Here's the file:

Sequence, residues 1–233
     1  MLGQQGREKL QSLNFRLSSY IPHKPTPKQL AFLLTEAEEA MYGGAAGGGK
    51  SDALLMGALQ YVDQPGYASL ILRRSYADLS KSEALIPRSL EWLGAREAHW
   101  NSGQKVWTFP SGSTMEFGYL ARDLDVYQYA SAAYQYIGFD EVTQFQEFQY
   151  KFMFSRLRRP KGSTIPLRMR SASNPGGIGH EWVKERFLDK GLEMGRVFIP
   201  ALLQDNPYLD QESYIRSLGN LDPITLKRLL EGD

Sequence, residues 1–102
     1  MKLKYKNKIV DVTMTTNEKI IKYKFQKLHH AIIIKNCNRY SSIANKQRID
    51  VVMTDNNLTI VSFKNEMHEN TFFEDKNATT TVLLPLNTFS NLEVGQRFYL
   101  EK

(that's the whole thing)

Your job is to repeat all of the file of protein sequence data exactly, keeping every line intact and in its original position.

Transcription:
Sequence, residues 1–233
     1  MLGQQGREKL QSLNFRLSSY IPHKPTPKQL AFLLTEAEEA MYGGAAGGGK
    51  SDALLMGALQ YVDQPGYASL ILRRSYADLS KSEALIPRSL EWLGAREAHW
   101  NSGQKVWTFP SGSTMEFGYL ARDLDVYQYA SAAYQYIGFD EVTQFQEFQY
   151  KFMFSRLRRP KGSTIPLRMR SASNPGGIGH EWVKERFLDK GLEMGRVFIP
   201  ALLQDNPYLD QESYIRSLGN LDPITLKRLL EGD

Sequence, residues 1–102
     1  MKLKYKNKIV DVTMTTNEKI IKYKFQKLHH AIIIKNCNRY SSIANKQRID
    51  VVMTDNNLTI VSFKNEMHEN TFFEDKNATT TVLLPLNTFS NLEVGQRFYL
   101  EK